But they can be useful, too. When researchers observed how people dealt with the pain of submerging their hands in icy water, they found that people could withstand more discomfort if they repeated a swear word, rather than a non-swear word. Scientists have also found that unlike most sounds we utter, cussing can happen in both voluntary and involuntary ways. The latter—like when we drop our keys in the snow and yell “F-ck” without consciously deciding to—offer evidence that language isn’t just produced one way in the brain. That has clinical and research implications, says Bergen, and it may tell us something about why we came to communicate as we do.

It also suggests that these emotionally charged words can become so deeply ingrained in us that uttering them toes the line of being a physical act rather than a symbolic one, more like a sneeze than a sentence. “When you say them,” Jay says, “you feel something.”

Those strong feelings drive some people to try to stamp profanity out. After cable news networks played the infamous video of Donald Trump saying he grabs women “by the pussy,” about two dozen people filed indecency complaints with the Federal Communication Commission—which regulates the use of profanity on public airwaves—according to records obtained by Morning Consult. “Some consumers are easily offended,” a lawyer interviewed by Morning Consult said, “while others have a high tolerance for what is being shown on television.”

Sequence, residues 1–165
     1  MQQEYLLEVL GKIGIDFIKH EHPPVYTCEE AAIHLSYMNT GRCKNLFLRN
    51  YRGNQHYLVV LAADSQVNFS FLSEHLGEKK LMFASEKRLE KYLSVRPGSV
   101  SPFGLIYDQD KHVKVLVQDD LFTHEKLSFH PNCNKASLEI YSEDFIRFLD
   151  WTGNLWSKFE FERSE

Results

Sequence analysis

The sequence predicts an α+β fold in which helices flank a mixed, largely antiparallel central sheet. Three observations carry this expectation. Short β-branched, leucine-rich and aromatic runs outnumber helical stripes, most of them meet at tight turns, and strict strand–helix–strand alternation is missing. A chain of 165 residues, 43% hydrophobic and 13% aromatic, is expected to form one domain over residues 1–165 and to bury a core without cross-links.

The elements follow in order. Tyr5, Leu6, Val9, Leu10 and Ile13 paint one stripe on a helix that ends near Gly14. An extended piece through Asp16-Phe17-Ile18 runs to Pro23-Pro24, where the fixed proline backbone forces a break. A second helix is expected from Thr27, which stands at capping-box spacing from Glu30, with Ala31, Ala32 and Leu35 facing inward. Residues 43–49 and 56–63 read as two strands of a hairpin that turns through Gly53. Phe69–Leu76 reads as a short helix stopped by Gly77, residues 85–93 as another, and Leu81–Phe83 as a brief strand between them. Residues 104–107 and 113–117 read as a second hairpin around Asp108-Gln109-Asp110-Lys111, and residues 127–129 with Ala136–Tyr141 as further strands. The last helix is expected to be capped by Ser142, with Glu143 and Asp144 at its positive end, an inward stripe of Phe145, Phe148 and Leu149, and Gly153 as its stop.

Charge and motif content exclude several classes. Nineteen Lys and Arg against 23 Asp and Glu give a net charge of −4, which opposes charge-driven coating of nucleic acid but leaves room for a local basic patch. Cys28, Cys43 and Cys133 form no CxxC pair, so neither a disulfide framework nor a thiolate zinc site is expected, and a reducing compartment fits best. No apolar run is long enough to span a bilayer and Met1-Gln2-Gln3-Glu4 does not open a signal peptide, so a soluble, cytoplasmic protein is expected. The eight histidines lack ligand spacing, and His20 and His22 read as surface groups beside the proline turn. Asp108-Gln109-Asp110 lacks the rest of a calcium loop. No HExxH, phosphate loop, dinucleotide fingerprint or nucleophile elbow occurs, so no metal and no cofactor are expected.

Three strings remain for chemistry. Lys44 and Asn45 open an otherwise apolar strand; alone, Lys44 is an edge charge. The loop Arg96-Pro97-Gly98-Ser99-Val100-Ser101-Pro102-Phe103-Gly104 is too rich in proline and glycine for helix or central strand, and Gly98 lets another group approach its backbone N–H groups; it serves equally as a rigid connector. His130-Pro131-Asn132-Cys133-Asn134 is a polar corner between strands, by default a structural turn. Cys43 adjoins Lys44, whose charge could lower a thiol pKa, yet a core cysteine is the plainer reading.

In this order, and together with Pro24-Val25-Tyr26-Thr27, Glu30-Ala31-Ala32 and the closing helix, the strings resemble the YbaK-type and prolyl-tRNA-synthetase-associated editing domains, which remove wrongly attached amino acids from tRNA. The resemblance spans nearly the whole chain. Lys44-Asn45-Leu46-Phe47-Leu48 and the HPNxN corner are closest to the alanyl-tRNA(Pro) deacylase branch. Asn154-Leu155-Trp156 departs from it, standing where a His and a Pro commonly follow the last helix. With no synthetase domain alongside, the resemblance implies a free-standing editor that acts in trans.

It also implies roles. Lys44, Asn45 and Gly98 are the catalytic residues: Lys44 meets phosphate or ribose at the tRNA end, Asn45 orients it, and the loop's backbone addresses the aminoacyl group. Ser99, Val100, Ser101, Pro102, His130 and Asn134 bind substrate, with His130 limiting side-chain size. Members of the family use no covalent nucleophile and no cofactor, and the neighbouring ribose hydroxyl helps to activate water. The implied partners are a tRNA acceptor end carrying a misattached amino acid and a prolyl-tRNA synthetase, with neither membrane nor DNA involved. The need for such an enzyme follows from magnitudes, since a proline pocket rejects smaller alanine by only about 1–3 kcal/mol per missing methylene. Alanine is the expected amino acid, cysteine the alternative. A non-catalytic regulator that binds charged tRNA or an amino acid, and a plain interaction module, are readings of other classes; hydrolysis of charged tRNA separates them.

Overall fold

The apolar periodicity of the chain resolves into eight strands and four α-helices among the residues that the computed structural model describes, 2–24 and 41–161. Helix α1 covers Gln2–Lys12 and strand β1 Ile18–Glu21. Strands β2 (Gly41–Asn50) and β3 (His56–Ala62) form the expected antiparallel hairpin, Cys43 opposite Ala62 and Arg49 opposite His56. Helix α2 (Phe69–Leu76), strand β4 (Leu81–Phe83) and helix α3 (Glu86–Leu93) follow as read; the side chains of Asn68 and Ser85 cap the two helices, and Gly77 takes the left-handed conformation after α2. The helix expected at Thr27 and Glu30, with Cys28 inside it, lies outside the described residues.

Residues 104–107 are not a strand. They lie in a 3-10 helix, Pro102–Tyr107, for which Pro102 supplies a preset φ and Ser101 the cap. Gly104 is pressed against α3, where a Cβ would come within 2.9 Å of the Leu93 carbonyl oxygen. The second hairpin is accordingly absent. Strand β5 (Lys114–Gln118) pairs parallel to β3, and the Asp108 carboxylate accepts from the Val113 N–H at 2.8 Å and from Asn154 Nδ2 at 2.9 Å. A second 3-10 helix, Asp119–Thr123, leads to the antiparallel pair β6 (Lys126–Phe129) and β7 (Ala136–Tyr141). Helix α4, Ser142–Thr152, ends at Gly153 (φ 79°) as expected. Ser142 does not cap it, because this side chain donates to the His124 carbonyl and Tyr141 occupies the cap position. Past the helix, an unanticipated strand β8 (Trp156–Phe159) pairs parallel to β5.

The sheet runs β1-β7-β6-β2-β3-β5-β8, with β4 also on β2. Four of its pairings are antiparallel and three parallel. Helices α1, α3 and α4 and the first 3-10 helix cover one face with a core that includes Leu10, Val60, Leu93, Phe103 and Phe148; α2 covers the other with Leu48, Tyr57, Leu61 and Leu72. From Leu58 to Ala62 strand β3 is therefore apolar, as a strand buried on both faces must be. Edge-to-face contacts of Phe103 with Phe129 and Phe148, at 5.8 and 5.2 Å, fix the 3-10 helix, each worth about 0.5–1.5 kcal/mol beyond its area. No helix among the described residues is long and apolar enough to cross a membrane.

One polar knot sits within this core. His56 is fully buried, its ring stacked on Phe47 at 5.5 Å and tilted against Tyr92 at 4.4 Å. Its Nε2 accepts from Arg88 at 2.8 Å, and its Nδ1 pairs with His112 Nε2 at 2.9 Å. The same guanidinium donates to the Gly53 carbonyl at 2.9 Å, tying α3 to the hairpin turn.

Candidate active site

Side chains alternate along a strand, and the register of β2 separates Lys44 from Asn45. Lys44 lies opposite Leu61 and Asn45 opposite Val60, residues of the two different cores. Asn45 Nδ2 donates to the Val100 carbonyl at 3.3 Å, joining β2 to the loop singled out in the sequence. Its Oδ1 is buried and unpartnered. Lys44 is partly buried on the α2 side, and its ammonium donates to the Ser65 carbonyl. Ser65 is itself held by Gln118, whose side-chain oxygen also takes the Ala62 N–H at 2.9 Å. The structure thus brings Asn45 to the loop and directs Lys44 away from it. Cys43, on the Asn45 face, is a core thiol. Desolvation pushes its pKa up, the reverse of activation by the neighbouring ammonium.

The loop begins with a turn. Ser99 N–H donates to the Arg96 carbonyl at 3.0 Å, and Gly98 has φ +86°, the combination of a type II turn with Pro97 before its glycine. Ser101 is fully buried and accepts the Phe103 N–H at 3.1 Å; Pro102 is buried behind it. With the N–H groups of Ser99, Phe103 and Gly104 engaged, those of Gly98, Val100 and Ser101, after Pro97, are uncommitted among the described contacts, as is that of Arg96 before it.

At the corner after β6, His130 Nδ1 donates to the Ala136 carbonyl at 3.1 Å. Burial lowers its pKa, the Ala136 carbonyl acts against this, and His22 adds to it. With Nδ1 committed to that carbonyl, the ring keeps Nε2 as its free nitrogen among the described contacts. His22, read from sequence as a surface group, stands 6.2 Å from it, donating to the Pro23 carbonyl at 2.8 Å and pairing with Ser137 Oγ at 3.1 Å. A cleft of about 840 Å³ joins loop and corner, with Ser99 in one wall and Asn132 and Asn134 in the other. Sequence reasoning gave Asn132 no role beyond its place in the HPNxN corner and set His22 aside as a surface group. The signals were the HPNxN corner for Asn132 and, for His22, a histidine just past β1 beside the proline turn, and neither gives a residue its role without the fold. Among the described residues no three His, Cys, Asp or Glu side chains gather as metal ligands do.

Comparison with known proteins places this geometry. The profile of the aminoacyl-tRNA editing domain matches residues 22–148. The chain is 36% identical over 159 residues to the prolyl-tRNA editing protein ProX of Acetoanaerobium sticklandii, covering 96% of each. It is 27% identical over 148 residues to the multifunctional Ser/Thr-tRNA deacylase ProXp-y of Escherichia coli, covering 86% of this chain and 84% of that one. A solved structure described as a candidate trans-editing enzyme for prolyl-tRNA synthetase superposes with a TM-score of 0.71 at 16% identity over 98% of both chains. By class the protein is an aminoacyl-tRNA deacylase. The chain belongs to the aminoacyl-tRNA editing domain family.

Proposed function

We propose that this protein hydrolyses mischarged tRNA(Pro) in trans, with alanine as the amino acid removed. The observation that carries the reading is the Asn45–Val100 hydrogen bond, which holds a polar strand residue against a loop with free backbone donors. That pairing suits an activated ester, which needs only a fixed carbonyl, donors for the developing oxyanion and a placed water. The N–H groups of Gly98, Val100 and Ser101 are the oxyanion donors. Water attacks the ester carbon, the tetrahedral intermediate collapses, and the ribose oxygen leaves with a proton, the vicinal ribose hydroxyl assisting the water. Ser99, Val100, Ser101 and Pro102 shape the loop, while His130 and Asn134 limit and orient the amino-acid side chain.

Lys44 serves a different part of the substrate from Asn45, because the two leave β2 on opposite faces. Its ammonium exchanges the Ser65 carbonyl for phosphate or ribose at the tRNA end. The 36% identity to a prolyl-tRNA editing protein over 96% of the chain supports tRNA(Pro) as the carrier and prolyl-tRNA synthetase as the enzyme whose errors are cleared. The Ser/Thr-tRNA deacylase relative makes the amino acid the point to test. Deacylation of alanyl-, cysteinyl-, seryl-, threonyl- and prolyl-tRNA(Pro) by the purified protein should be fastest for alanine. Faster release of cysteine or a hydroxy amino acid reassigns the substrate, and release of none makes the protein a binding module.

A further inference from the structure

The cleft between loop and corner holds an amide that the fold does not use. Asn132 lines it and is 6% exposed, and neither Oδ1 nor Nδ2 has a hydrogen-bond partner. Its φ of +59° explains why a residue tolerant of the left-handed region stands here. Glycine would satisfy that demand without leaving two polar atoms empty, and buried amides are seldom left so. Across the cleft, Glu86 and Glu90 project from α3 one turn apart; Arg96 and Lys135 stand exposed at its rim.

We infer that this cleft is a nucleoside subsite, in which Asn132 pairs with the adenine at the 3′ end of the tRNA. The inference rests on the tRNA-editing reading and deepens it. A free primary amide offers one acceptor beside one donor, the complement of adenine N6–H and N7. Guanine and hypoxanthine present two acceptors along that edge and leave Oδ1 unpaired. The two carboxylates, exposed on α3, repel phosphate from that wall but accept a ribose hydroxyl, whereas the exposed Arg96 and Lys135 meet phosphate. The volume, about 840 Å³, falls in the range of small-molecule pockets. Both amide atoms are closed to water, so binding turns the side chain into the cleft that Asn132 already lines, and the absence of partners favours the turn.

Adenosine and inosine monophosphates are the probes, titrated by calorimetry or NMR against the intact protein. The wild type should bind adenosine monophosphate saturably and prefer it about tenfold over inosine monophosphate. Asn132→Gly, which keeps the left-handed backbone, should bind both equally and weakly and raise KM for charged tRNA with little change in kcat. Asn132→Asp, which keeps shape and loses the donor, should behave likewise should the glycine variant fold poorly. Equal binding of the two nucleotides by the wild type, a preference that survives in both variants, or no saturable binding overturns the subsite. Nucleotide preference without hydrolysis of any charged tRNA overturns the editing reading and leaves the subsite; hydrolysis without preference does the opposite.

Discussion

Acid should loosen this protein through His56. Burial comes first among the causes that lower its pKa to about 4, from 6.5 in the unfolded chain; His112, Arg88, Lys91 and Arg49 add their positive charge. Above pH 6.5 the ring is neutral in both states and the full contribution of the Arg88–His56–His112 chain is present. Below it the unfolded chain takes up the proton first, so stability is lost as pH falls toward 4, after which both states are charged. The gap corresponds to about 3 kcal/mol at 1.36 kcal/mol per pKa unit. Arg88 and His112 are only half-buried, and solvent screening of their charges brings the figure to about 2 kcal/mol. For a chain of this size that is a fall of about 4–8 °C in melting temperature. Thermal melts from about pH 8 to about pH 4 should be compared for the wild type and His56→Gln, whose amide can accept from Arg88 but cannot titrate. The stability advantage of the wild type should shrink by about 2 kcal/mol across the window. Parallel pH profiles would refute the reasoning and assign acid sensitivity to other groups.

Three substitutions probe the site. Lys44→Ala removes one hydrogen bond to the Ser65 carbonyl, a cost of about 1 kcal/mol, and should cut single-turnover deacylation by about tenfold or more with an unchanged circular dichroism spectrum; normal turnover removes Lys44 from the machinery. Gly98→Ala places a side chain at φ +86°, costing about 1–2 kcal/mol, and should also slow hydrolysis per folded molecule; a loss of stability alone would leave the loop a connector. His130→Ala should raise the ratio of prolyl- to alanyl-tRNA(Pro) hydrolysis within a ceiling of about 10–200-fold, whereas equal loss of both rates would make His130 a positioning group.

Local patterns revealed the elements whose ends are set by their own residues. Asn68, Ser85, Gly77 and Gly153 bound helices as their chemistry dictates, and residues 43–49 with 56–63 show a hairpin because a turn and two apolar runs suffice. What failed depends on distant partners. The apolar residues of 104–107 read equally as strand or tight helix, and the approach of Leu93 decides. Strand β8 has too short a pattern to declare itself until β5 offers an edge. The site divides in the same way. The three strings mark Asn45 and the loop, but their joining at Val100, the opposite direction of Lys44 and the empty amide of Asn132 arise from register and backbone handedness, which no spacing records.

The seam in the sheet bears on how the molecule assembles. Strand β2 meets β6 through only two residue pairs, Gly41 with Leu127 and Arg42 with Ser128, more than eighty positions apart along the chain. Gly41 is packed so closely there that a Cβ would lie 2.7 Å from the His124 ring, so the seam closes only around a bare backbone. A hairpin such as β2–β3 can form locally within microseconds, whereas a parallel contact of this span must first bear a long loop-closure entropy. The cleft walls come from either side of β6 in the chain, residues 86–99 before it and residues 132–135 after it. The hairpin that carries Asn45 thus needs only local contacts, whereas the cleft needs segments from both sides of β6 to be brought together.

Experts like Jay will tell you that many of the reasons people often oppose profanity are based on “myths,” and academics have worked to debunk them. Bergen dedicates a whole chapter in his book to taking down a (flawed) study that suggested profanity harms children. Jay, meanwhile, recently took on the notion that people only swear because they’re not intelligent enough to express themselves another way. What he found is that people with larger vocabularies can actually generate more swear words than people with smaller ones.

Jay has also found that the soap-in-the-mouth doesn’t work. In fact, there’s reason to believe that the more kids are sheltered from these words, the more impressive they become. In a follow up to the ice water study, for instance, the same researchers found that the pain-easing effect of uttering swear words was more acute among people who swore less. Use it all the time and you habituate; the words lose their oomph.

After teaching his class on profanity for the last several years, Bergen says he’s become comfortable writing and saying most of those words that make us blush. He will discuss at length the fact that “F-ck you” seems to disprove one of the fundamental rules we learn in school: that a grammatical sentence needs to have subject (you is the object of f-ck but it remains unclear who is performing the action someone wishes you to receive). And he can do it with all the emotion that a chemistry professor might use the word neuron is his own class.

Though Bergen says he provides students several trigger warnings, letting them know what kind of material is coming before the first day of class, he also says he’s never had a complaint. “The goal is for them to learn as much as they would in any cognitive science class or linguistics class,” he says, “but maybe be a little more interested along the way.”